A Smarter Buy from A Medicare Recipient
When we reach the age of 65 and retire, we think that we live with a stable income and realize that there is a luxury and a “pleasure” that we can’t wait to be able to give up our last years. Maybe we give up some of the services we paid while we were busy, leaving us more free time when we were not working. We are a little more aware of every new addition to our budgets and we not only have to think about how to save money on services; also, we need to insure ourselves from unanticipated costs that might not be practical or even expensive for our pockets.
There is no doubt that the top or the bottom of the list is about how we can ensure we receive the medical treatment we want or need and protect ourselves from the potentially important medical bills that can come with it age. Let’s say the truth; we are not getting younger, and as we get older, it is inevitable that at some point we will need serious medical care. With rising medical costs, even a temporary hospitalization may cost 10’s of thousands of dollars.
Most of us are lucky to have Medicare A and B coins as the main cover. Of course, we have spent most of our working life in the Medicare system and most of us will continue to pay at least $ 110 per month for Part B (in 2010). It is however, not much to pay for 80% coverage of medical expenses after medium to small size franchises for hospitalization and outpatient services. The problem is that an additional 20% is not covered. What’s the best way to make sure you’re not exposed to this 20% (which you want to protect in case of disaster) can cost tens of thousands of dollars – as medical expenses?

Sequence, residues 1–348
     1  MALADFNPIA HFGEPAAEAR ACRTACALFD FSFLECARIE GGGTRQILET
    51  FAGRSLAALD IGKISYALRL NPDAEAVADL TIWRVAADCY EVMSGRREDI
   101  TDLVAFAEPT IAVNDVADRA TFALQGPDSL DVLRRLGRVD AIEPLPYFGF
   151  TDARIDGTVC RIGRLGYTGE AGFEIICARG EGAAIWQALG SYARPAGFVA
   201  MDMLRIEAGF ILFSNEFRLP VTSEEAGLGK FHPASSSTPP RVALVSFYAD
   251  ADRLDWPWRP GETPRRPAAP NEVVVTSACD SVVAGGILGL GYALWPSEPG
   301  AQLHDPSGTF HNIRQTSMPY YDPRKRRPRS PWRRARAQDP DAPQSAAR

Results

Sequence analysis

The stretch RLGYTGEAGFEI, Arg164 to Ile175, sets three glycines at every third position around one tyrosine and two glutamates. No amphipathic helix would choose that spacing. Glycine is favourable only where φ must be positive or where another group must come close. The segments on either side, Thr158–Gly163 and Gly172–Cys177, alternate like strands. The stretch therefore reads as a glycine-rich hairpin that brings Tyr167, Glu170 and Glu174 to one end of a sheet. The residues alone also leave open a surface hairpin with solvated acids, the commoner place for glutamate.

However, Medicare Advantage plans are not really supplements, especially because they do not integrate Medicare A and B components. Medicare Advantage programs effectively replace Medicare A & B components and must at least benefit from Medicare Advantage as good or better coverage when compared to normal health insurance. The benefit (if you do) of these diets is that they usually cost less than Medicare supplements. They often include coverage of Part D medications and sometimes additional benefits such as teeth and / or vision. It looks fantastic on the surface, does not it?
Here is the problem of Medicare Advantage plans. They usually have small networks especially in rural areas. You need to visit some doctors and hospitals (and these may not be the ones you want to visit). Also, the private insurers can now determine whether a medical treatment is needed. In addition, many beneficiaries believe that the plan has anonymous gaps in coverage that offer comparable coverage only if they have Medicare coverage. Remember, plans only need as much coverage as Medicare or better.